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weren’t very demanding, though. Desko knew Schoonmaker wouldn’t break the habit. “There’s really no reason to jump and shoot,” Desko said. “I think you leave yourself susceptible to physical contact and injury anytime you leave your feet, just like a basketball player.” But that’s why Schoonmaker started jumping in the first place. He was a basketball player as a kid, and said he regrets not trying out for his high school team. Jumping was something he did all the time.
“Even though you’re working on things in practice, when you’re in a game and you’re making a split decision, a lot of times, you revert back to your old habits, but I’m not sweating it too much.” John Desko
SYRACUSE HEAD COACH
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It works for Schoonmaker, so Desko isn’t worried. “Even though you’re working on things in practice, when you’re in a game and you’re making a split decision, a lot of times, you revert back to your old habits,” Desko said, “but I’m not sweating it too much.” Schoonmaker’s heard the advice before. He heard it in high school and he hears it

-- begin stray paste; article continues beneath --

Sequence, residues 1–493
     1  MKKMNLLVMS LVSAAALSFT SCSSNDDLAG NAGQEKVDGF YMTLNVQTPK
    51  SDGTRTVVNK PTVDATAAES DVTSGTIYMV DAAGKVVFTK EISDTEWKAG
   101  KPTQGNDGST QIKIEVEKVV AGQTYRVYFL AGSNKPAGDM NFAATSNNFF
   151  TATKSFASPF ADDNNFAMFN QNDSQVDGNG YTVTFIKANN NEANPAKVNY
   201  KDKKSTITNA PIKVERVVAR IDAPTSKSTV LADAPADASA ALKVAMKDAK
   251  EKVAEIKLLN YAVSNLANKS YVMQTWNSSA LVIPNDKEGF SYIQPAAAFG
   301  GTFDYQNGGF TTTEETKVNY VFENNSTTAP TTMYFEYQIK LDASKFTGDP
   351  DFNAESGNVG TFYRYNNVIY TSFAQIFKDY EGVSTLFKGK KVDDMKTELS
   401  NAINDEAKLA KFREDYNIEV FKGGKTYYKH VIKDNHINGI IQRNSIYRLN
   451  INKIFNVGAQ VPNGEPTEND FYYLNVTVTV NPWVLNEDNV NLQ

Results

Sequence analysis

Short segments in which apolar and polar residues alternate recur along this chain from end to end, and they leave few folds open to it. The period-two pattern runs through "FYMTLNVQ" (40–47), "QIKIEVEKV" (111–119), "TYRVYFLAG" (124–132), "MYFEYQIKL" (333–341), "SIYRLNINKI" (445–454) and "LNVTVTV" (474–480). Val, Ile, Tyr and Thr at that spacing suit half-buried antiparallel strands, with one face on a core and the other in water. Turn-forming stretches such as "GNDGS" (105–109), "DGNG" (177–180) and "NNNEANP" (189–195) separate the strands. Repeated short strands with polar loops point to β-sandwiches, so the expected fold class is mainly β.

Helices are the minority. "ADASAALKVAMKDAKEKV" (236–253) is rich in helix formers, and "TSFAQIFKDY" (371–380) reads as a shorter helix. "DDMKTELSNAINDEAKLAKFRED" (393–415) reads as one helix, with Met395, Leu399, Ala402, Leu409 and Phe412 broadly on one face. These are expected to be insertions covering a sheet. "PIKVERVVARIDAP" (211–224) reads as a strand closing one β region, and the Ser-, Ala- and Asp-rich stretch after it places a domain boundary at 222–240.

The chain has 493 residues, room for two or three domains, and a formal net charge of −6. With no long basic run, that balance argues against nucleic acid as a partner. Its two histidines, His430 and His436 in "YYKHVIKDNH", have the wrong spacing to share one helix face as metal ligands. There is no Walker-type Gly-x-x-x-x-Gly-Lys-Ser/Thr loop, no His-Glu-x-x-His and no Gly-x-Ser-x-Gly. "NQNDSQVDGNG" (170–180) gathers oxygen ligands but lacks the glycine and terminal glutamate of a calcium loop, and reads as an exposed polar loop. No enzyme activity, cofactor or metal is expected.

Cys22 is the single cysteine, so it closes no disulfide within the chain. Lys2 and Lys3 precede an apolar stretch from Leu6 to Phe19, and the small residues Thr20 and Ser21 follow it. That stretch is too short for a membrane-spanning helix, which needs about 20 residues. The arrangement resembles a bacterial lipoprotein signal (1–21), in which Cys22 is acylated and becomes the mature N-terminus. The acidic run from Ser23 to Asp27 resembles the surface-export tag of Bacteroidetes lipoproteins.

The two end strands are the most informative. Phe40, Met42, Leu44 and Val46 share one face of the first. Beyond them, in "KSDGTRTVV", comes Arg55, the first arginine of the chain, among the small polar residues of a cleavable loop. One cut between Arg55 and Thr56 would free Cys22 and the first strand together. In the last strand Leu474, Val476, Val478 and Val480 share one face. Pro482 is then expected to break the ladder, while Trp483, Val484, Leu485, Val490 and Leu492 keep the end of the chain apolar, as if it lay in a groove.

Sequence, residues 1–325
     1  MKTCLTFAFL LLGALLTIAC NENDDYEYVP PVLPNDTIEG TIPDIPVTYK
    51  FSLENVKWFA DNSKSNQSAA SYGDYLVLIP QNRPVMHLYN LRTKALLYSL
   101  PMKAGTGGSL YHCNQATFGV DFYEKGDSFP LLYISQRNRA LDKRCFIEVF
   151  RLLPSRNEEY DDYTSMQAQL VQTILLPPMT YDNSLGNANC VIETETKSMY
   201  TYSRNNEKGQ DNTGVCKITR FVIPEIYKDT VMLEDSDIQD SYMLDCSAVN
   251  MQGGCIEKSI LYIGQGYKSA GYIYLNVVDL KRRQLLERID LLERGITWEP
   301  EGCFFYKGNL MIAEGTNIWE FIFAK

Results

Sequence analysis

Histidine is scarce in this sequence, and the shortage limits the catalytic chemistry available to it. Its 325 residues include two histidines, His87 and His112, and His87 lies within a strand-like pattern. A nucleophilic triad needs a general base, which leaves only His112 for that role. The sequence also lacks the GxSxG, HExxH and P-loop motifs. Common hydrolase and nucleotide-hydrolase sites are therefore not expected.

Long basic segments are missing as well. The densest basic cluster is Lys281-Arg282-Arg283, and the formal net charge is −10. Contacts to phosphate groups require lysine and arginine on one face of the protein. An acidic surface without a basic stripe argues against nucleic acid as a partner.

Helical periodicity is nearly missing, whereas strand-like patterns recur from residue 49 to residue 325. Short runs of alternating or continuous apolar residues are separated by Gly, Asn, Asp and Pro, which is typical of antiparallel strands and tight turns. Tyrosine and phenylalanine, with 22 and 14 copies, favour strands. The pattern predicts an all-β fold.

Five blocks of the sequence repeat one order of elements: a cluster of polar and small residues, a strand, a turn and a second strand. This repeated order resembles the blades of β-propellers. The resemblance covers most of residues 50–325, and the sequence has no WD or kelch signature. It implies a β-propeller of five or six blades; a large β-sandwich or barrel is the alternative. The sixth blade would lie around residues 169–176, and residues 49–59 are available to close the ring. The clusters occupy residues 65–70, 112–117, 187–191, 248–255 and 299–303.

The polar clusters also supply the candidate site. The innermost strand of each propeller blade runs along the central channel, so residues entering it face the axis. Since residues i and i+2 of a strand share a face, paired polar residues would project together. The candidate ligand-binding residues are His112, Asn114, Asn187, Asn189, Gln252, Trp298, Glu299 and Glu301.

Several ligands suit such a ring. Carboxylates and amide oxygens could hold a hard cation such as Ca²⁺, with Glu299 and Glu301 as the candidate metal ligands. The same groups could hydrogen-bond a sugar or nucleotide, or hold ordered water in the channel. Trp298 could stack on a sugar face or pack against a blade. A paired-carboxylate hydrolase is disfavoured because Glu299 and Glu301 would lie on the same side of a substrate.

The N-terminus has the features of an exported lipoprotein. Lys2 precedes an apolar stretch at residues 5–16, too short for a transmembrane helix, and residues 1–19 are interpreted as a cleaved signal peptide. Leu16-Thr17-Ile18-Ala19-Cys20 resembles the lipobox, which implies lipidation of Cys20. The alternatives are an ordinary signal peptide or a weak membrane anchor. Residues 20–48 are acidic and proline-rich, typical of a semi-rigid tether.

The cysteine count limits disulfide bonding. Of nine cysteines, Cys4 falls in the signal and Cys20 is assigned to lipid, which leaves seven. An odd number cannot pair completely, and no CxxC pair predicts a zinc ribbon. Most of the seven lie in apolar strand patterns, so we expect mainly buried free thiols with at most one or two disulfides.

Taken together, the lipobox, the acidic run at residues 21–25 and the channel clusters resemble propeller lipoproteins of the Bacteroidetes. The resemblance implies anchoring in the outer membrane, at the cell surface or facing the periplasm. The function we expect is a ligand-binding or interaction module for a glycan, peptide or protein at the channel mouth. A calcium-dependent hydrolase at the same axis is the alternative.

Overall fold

at Syracuse. He heard it during the summer when his friends back in Portland, Ore., suggested he make the switch for good. Schoonmaker tried, but felt uncomfortable and returned to the jump shot after just three weeks. It was all he knew. It’s a shot he’s perfected during the years and one that’s befuddled goaltenders throughout the season. Schoonmaker sprints downfield and looks ready to take a standard shot. Then, he stops and jumps. The shot comes milliseconds later. “I’ll do a move or whatever, and I’ll know I should probably plant or just shoot it, but I just naturally jump and I’m like, ‘Ooh, I probably shouldn’t have done that,’” Schoonmaker said. “And sometimes, it’ll end up going in.” He said people often look at him quizzically, wondering what he’s doing. Sometimes, he doesn’t even know. But it works. Schoonmaker is shooting 34.9 percent this season, which puts him at a higher mark than SU’s three leading scorers: JoJo Marasco, Kevin Rice and Luke Cometti. Syracuse goalie Dominic Lamolinara said he’s never faced someone who uses the jump shot as often as Schoonmaker. He said goalies know it’s coming, but it’s not something for which they can prepare. That extra split second is what stupefies them, Lamolinara said. Lamolinara said goalies think the ball is going one way and then, all of a sudden, it’s coming at a completely different angle. He said Schoonmaker’s unique delivery often throws him off in practice. “I don’t know if he just gets more power on it or if he feels he’s more accurate,” Lamolinara said, “but until a goalie can consistently stop him in a game, I feel like he shouldn’t change it up.” firstname.lastname@example.org